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Govt plans to plant 375,000 hectares of bamboo

By Jeff Andrew Lule

Added 24th May 2019 06:53 PM

The move is part of the government’s effort to restore the degraded forests and increase forest cover

Govt plans to plant 375,000 hectares of bamboo

The move is part of the government’s effort to restore the degraded forests and increase forest cover


Uganda targets to plant 375,000 hectares of bamboo, as part of the strategies to increase forest cover countrywide.

The 10-year project which is to kick start in the financial year 2019/20 is to cost sh297bn.

It is going to be implemented by the ministry of water and environment through the National Forestry Authority (NFA). It will be funded by the Dutch-Sino Program through the International Centre for Bamboo and Rattan (INBAR) with support from the government.  

This was revealed at the review and validation of the national Bamboo Development Strategy workshop at City Royal Resort Hotel in Bugolobi, Kampala.

The consultant of the strategy, Dickson Council Langoya, said currently Uganda has only 67,000ha of bamboo in protected areas.

He stressed that under the strategy, they want to increase the growing bamboo with an additional of 375,000ha outside protected areas and on private land.

Langoya said the move is part of the government's effort to restore the degraded forests and increase forest cover.

"The country is already implementing the program of forest land restoration where Uganda has committed to restoring 2.5m hectares of land and 15% of NFA land for restoration should be for bamboo," he added.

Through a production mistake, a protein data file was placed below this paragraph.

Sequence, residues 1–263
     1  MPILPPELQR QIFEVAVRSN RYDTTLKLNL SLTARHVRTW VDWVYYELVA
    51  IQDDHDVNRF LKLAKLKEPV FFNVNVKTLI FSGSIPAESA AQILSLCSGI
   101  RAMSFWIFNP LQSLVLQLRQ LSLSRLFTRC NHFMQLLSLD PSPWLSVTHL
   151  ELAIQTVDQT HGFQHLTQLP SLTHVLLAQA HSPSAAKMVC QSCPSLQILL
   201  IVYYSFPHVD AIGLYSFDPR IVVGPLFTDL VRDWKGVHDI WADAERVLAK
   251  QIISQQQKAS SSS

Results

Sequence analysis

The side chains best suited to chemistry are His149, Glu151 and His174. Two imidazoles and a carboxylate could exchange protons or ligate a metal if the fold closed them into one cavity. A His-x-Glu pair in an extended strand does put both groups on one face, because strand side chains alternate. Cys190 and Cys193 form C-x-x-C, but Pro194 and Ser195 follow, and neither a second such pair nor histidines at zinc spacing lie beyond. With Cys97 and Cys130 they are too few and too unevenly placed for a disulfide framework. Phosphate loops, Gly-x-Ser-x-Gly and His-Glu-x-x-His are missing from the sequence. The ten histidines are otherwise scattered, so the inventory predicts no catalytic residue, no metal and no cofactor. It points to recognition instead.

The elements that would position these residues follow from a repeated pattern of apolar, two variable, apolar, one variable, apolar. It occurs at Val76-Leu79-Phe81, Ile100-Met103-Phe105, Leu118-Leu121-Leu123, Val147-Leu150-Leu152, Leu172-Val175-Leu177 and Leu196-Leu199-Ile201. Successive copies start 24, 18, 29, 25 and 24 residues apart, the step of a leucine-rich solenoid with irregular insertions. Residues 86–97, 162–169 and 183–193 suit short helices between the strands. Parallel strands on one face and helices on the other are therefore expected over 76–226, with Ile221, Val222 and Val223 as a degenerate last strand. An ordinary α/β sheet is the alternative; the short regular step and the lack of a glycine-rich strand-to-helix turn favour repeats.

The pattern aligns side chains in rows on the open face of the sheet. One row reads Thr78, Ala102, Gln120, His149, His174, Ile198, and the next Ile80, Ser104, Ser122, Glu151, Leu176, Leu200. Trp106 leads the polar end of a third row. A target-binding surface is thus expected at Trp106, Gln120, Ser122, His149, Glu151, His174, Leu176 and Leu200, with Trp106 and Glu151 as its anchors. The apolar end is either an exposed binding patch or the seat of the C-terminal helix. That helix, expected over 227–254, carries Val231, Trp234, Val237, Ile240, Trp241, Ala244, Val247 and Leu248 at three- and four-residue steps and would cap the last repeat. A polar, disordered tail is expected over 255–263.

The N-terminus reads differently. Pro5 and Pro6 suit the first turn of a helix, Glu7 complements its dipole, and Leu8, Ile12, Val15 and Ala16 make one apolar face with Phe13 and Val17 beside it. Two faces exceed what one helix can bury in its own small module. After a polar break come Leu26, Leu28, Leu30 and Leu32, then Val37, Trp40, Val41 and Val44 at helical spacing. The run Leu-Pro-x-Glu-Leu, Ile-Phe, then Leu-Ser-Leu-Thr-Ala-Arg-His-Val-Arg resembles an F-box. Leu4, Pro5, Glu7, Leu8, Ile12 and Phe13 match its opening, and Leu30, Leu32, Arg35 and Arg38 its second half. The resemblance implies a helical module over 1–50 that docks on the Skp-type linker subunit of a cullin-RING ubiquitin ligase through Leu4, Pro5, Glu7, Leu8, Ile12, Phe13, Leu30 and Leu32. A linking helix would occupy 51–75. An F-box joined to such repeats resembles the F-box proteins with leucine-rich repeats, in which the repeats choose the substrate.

He stressed that under the project, 28-30% of bamboo should be on the government land and 72% on private land.

Langoya said the strategy focuses on promoting bamboo planting for livelihood development, sustainable management and utilisation of bamboo, encourage bamboo growing as a sustainable resource, adopt bamboo for watershed development, forest and landscape restoration; and climate change mitigation and adaptation among others.

The strategy also focuses on the return of investment; improved knowledge management, education and research in bamboo and improving governance and institutional arrangement.

Langoya said Uganda already has two types of Bamboo including; the highland bamboo found in mountain regions like on Mt Elgon, Kisoro, Kabale, Mgahinga and Rwenzori area; and the lowland bamboo mainly found in Northern Uganda and West Nile region.

He explained that unlike other tree species, bamboo is regarded as grass and regenerates quickly in a short period of time with big economic benefits on top of conserving the environment.

"It is very good for climate change mitigation and adaptation because of its fast growth. Worldwide, the bamboo industry has about $3bn a year (market) and Uganda could contribute from that trade," he added.

The NFA executive director, Tom Okello Obong, said the strategy is aimed at streamlining the management and conservation of bamboo.

"Uganda is picking interest in bamboo upon realisation of the importance of bamboo as a crop. It has a very big importance to the social contribution and environment of the country. It has been proven in countries like China and India where they have had bamboo for the last 40 years," he noted.

He said, unlike other trees, bamboo can be used for conserving the environment and can produce over 10,000 products.